Monday, June 13, 2011

Giving the NBA Another Try.

Last week Bill Simmons wrote an article describing his new-found love of hockey after years of indifference living in Boston and following the Boston Bruins. His article was thoroughly enjoyable, and also inspired me to do some soul-searching of my own. No this is not a hockey piece, and anybody expecting quips about the SJHL, NHL or hockey need not read this, unless you embrace the sport of basketball. If so, than this might be right up your alley.

Growing up in the Greater Vancouver area, I admit that basketball was hardly forced down my throat as a youth. Sure we played in the school-yard, and my classmates would wear Michael Jordan t-shirts and Nike shoes. But the Vancouver Canucks were the only show in town, and hockey was (and still is) life. It was the be-all end-all sport, and no sport could touch it.

Maybe it was out of boredom, or possibly by chance, but I remember watching bits and pieces of the 1994 NBA Finals. I remember watching the Houston Rockets led by Hakeem Olajuwon, Clyde Drexler and Vernon Maxwell take on Patrick Ewing, John Starks and the New York Knicks. As the series progressed I got more and more into it, and after watching Houston beat New York in Game Seven I was left with two prominent thoughts:

1) "I'm glad New York didn't win the NBA Finals too." - This coming from a die-hard Canuck's fan who was still choked at the 1994 Stanley Cup Final.

2) "I think I want to buy a pack of basketball cards."

A year later the Canucks were still legitimate, but they were bounced by Chicago in the playoffs in Round Two. The absence of Canuck's hockey left me watching more and more basketball. Michael Jordan had returned to the game and was dominant. The New York Knicks had a great rivalry going with Indiana, and I was smitten with the Orlando Magic and the tandem of Shaquille O'Neal and Anfernee Hardaway. I still remember watching Houston beat Orlando in the finals that year and seeing Shaq crying as he walked back to the locker-room. Thankfully I did not do the same.

My knowledge of the sport was growing, and grew ten-fold with the arrival of the Vancouver Grizzlies and Toronto Raptors. How cool was this?! An NBA team in Vancouver! A chance for me to watch Shaq, Reggie Miller, Shawn Kemp, David Robinson, and Patrick Ewing live!

While the Vancouver Canucks started to unravel from 1995 onward, the NBA became my new fascination. I would get to school at 8:30 every morning to shoot hoops with my friends. My allowance was spent on basketball cards, and instead of shelling out money for NHL tickets (thanks to the lockout), my Dad and I went to watch the Vancouver Grizzlies in 95-96.

We're all aware of how bad the Grizzlies were, and my Dad and I knew that heading to G.M. Place likely meant certain defeat for the Grizzlies. However season one did provide some entertaining moments. I'll never forget watching Byron Scott hitting two clutch free-throws in the final seconds, helping Vancouver to an 84-80 victory over the New York Knicks. That victory snapped a 22-game losing streak for the Grizzlies and helped them avoid the history books for the wrong reasons.

But I didn't only watch the Grizzlies. I would watch any game available to me. I could name the starting five for most teams, and I made sure that I had the most NBA jerseys out of all my classmates. No joke I had a jersey for every day of the week. I assure you that I was the only fifth-grader in B.C. that owned a Dikembe Mutumbo Denver Nugget's jersey.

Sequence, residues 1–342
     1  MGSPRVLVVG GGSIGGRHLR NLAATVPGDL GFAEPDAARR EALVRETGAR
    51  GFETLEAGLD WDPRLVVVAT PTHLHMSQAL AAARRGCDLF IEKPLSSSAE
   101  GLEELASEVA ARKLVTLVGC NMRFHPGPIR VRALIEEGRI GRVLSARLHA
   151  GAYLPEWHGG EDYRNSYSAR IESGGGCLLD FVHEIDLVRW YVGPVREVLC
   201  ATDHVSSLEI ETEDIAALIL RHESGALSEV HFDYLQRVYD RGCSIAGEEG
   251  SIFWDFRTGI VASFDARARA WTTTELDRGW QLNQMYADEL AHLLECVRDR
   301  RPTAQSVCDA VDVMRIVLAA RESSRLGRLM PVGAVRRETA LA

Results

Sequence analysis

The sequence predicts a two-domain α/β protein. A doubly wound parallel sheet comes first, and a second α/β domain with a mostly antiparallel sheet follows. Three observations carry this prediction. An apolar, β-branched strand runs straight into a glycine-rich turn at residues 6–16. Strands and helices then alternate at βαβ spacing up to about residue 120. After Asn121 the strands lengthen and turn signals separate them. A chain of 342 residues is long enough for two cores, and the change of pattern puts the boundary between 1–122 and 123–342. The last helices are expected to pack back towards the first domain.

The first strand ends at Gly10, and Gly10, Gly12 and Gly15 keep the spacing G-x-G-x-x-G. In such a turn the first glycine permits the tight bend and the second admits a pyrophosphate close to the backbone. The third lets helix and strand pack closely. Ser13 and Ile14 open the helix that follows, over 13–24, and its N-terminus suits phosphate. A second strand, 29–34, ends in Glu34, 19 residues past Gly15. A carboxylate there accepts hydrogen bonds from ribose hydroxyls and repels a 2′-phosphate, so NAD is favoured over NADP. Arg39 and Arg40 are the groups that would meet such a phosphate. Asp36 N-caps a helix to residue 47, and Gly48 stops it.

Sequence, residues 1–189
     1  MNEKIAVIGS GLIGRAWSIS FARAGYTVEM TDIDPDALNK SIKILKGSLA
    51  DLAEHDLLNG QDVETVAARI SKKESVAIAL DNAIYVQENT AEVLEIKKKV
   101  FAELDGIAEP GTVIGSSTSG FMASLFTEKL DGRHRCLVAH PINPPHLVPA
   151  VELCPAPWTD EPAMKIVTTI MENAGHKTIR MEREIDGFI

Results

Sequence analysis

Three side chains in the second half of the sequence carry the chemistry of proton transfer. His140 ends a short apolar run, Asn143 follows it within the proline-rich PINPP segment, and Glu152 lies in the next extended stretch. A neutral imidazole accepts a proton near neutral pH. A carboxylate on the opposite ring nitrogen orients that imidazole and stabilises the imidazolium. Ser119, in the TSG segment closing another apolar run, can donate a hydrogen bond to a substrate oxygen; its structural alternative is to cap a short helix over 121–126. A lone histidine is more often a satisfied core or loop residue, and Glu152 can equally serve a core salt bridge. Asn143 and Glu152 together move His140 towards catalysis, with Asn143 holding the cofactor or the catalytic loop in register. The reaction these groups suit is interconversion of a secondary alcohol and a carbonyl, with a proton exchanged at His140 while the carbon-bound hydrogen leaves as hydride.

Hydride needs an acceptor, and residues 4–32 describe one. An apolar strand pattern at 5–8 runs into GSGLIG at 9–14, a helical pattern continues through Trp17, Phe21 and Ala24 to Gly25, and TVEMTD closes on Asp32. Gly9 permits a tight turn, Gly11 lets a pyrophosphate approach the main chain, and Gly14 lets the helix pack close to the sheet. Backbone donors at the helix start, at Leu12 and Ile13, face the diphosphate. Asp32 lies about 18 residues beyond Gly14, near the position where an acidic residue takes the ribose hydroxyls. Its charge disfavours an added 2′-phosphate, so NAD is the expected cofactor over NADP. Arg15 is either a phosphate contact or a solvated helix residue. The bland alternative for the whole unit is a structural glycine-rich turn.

Even as the Grizzlies continued to lose miserably they still provided a ton of entertainment. Shareef Abdul-Rahim and Bryant Reeves provided some highlight-reel plays, and youthful prospects like Mike Bibby, and Antonio Daniels provided the necessary optimism to continue cheering them on.

While the Grizzlies kept losing games, the Chicago Bulls kept winning championships. Even though the Bulls were dominant, the game still had plenty of parity, and stars like Tim Duncan, Kobe Bryant, Shaq and of course Michael Jordan provided plenty of reasons to continue watching.

However in 1999 things changed. I was now old enough to understand the politics of sports a little more, and I remember screaming bloody murder at the television on the day that the Grizzlies drafted Maryland point-guard Steve Francis with the second-overall pick in the draft.

This trade (in my opinion) created the eventual un-doing of the Grizzlies.

For anybody not familiar with the situation, here's what happened.

Vancouver had previously drafted point-guards Antonio Daniels (1997) and Mike Bibby (1998) in the first round of the NBA Draft. Daniels was something of a bust, but Bibby was exciting, consistent and what many considered to be a 'main-stay' in Vancouver's back-court.

For reasons that still to this day defy explanation, the Grizzlies had expressed great interest in drafting point-guard Steve Francis second-overall in the draft. Francis publicly stated that he did not want to play in Vancouver for these reasons:

- The Grizzlies have a point-guard.
- It's too far away from Maryland.
- Endorsement-wise it was not a good fit.

Meanwhile forward Lamar Odom had expressed great interest in playing in Vancouver and would have been a great compliment up-front with Shareef Abdul-Rahim and Bryant Reeves. They Grizzlies could have also drafted the likes of: Richard Hamilton, Shawn Marion or better yet they could have dealt the pick to add some size and depth.

Sure enough, Stu Jackson drafted Francis and traded him before he even played a game in Vancouver. He sent Francis to Houston in exchange for Small-Forward Michael Dickerson, some spare parts and some draft-picks that the Grizzlies subsuquently wasted.

Poor basketball decisions coupled with a weak Canadian dollar, a jack-ass owner and a constant loser did not mix well with the previously loyal contingent of fans in Vancouver. To nobody's real surprise the team was shipped away to Memphis in 2001 and basketball has been an after-thought in Vancouver ever since.